It was memorable because, while anecdotic at the time, it reached to something bigger, a problem that undermine the way young investment professionals (and some older) relate to their job. A question about the meaning of it.
Blockchain is a very promising technology. But for now it is young, flawed and still a bit inelegant.
A tech-addict friend of mine recently confessed to me the frustrating pain he felt when he desperately tried, a few weeks ago, to explain the concept of elegance in technology to his smirking colleagues. I padded him he back with compassion, and thought : “OK I will have your back on this. I will write about it”.
Meanwhile I thought about it and realized : “Holly cow ! There is no better example to explain this than to talk about cryptocurrencies !”
Global warming is frightening, and hope is thin to contain it. So maybe we should start not only fighting it, but also preparing for it.
In my last, and more obscure, post about data-mining bias ( that you should of course read, see here ) I illustrated my argument with the example of extreme weather news reports. To sum it up, my point was that while the increasing regularity of extreme heat/frost waves is probably a consequence of global warming, one separate occurrence was absolutely not sufficient to prove anything about it.
In the meantime however, summer passed in the north hemisphere, and it was hot. Damn hot all around. And while still not proving anything “by itself”, it did make me think about global warming. And I am sure you did too.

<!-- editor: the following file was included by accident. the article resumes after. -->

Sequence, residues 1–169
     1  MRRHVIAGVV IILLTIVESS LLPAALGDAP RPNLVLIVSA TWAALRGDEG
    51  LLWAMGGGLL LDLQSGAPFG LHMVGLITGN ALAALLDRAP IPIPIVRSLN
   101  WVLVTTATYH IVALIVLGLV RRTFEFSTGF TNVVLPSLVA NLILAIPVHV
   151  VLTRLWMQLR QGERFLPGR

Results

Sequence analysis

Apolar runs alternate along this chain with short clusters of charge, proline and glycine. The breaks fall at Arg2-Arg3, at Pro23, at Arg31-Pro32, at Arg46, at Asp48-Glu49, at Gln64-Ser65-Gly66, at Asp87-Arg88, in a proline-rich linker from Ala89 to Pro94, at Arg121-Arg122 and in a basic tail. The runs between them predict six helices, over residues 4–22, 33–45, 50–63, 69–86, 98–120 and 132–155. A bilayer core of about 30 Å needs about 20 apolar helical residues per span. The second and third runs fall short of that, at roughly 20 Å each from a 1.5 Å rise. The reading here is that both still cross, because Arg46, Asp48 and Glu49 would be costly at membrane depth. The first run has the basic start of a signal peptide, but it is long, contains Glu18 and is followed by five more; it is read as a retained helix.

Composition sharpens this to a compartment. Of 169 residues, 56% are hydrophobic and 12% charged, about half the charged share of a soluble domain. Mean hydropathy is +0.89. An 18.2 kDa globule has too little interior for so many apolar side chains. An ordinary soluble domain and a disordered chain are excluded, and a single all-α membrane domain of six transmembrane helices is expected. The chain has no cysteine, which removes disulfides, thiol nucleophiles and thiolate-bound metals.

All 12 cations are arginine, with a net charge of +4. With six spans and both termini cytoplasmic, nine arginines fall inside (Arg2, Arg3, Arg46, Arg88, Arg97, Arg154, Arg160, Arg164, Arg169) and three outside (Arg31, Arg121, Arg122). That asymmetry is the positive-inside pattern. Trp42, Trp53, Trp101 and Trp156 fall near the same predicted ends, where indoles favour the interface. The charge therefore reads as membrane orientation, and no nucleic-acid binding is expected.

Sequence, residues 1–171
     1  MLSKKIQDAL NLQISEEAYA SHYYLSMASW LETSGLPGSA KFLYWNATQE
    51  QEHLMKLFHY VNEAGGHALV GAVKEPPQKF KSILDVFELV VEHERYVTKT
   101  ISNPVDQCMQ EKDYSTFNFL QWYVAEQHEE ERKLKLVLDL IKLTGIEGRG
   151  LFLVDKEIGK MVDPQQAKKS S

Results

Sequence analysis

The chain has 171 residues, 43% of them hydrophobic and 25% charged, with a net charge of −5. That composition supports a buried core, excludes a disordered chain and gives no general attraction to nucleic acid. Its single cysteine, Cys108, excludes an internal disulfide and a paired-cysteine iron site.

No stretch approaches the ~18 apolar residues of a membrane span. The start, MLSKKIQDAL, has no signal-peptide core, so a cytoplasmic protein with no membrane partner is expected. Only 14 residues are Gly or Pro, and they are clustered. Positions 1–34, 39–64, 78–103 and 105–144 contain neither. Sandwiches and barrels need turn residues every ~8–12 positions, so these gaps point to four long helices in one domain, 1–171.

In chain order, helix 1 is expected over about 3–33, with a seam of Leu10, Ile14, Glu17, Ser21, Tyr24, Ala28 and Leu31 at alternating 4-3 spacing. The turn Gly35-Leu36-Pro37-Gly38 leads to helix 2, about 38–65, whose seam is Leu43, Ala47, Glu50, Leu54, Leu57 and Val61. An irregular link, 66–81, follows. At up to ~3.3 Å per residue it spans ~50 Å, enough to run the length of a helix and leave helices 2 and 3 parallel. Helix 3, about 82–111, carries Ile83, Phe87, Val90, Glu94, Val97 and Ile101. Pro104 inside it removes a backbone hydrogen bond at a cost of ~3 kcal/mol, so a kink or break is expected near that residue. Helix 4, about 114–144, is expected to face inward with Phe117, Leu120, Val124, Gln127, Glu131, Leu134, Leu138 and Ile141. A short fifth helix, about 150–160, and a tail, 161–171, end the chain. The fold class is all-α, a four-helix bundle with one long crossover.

Global warming is here. No doubt. What was once upon a time a scientific theory became a few decades ago a scientific and political issue. Now it is starting to turn into a scary and material reality for everyone. And it is probably just the beginning.
Scraping large amount of data can lead you to a big mistake. Here is why, and how to avoid it.
In my recent “quiz” about technology, I mentioned that finding usable data buried under mountains of useless one, the activity called “data-mining”, was a perfect application for artificial intelligence and especially neural networks.
But I also mentioned that this activity might also present a huge caveat, a logical bias that we should all be aware of. This bias, very unsurprisingly named “data-mining bias”, is what I want to talk about today.
So let’s talk about this scary “data-mining bias”.
This post was originally published on October 11, 2016 on my company website.It is still relevant and interesting for those who have not read it yet.I’m posting it here with some minor updates.
Environmental Social and Governance (ESG) investing is a good concept, and its growth is strong. But are the desired goals achieved?
It had been a while since I wanted to look at it more closely. Environmental Social and Governance (ESG) investing has always sparked interest in me, even though it was unfortunately a little bit confidential. I always saw it as a very welcomed way to link investment and finance in a positive way.
This is why I gladly accepted when I was offered to go to the “Responsible Finance Workshops” organized by a French company specialized in this investment field.
Environmental Social and Governance Funds (ESG) choose their investments according to financial criteria and social criteria. For most of them, this is expressed in practice by a refusal to invest in companies that are not respectful of the environment, or have a bad carbon footprint, or are not very respectful of their employees. The variations are numerous, but globally those funds have a discriminating approach of investment: they refuse to buy the lame duck.